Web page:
SPOILER WARNING: The following article contains spoilers for Teen Titans #11, by Benjamin Percy, Phil Hester, Khoi Pham and Trevor Scott, on sale now from DC Comics.
On the surface, it’s perhaps a little anticlimactic that Jackson Hyde assumes the mantle of Aqualad in Teen Titans #11. After all, he was originally introduced by DC Comics seven years ago to coincide with Aqualad’s debut on Young Justice, and was welcomed fully into Rebirth continuity this spring with an arc titled “The Rise of Aqualad.” Effectively, Jackson Hyde has always been Aqualad.
Yet, there’s something undeniably special about the moment in this week’s issue when the moniker is passed from one generation of heroes to the next.
It arrives after a long journey that began in Teen Titans #6, in New Mexico, and ended at Teen Titans Tower, in San Francisco Bay. It’s a hero’s journey, in the mythological sense, that exhibits much of the classic structure. In DC’s Rebirth universe, Jackson is a gay teen with mysterious water-bending powers who’s pressured by both a closeted boyfriend and a protective mother to keep those aspects of his life hidden. But when a video tour of the new Teen Titans Tower goes viral, serving as Jackson’s call to adventure; he answers, which leads him to the Pacific Ocean and, following a brief detour for the “Lazarus Contract” crossover, a confrontation with the secrets of his own past.
For anyone who watched Young Justice, or followed the character’s introduction in DC’s previous continuity, the revelation that Jackson’s real father is longtime Aquaman foe Black Manta is, well, not really a revelation. In July’s Teen Titans #10, the second part of the “Blood of the Manta” arc, Jackson finally meets his villainous father in an Empire Strikes Back moment, and offers himself in exchange for the safe release of his mother. Cue the descent into the underworld.
But while there may be a part of Black Manta that imagines ruling the Seven Seas with his long-lost son at his side, he’s not that sentimental. No, he needs Jackson, just like he once needed his mother, for a practical, selfish purpose: Years earlier, Black Manta broke into Xebel, the interdimensional Atlantean prison, where he manipulated Jackson’s mother — a member of the same water-manipulating Rebellion race as Mera, Aquaman’s queen — into helping in his search for a magical black pearl ring hidden there. When she no longer appeared of any use to him, Manta nearly killed her. Now he intends to use their son to acquire the object he’s sought his entire life, a “hydrokinetic weapon of mass destruction.”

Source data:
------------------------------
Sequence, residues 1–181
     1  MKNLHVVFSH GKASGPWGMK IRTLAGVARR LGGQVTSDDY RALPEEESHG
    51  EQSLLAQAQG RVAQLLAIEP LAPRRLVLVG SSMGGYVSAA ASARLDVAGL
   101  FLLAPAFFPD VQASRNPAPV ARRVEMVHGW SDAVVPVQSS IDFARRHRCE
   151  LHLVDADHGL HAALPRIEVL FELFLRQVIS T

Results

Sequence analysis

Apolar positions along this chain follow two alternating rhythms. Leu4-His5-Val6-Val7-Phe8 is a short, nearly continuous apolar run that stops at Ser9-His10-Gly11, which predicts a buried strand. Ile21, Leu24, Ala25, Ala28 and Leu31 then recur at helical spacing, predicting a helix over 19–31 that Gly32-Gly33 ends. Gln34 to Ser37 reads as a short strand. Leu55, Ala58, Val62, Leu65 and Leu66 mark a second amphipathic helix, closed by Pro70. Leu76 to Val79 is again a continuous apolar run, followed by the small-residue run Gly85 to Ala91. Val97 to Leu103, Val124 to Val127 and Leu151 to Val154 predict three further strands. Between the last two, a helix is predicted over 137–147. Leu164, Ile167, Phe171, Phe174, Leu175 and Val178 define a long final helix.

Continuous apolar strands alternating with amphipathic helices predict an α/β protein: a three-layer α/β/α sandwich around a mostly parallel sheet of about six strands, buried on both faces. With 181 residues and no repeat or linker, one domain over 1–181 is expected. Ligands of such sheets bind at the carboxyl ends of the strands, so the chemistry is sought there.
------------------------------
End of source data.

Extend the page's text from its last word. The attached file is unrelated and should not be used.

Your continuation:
In Teen Titans #11, by Benjamin Percy, Phil Hester, Khoi Pham and Trevor Scott, there are no hugs, at least from Black Manta; this is all business. Oh, sure, he opens Jackson’s eyes to the scope of his own power — “You’re more than your swords,” he says. “The whole ocean is your weapon.” — if only only so he can help to fend off a tentacled sea creature that attacks them. Black Manta then reverts to form, using violence to force Jackson to unlock the seal to the ring, which requires the touch of “a child of Xebel.” Black Manta gains the vast, ocean-controlling power he’s long craved, only to be defeated by Jackson — thanks in no small part to a pep talk by Damian Wayne (of all people), who knows a thing or two about “world-class psycho” fathers.
However, Jackson gains more than just confidence, and a new appreciation for his mother. He earns membership in the Teen Titans, and the code name Aqualad, bestowed upon him by its previous user, Garth, aka Tempest. “I know it seems a little goofy,” Garth acknowledges, but explains, “It’s a rough translation from Atlantean — it means ‘Son of the Seven Seas.’ I came to love it. I trust you will, too.”
Returning to the hero’s journey, the new name represents a rebirth for Jackson, who began in Teen Titans #6 — heck, even earlier, in last year’s DC Universe: Rebirth one-shot — as a relatively isolated teen uncertain of his past and his place in the world. Traveling from the desert to the ocean’s depths, he has discovered who he is, in more ways than one. He also learned that it wasn’t a father he needed, but rather a family — and he’s found that in the Teen Titans, and possibly in the mother whom he’s never really understood, and perhaps doesn’t entirely understand him, but who nevertheless recognized the danger that lurked just beneath the waves.
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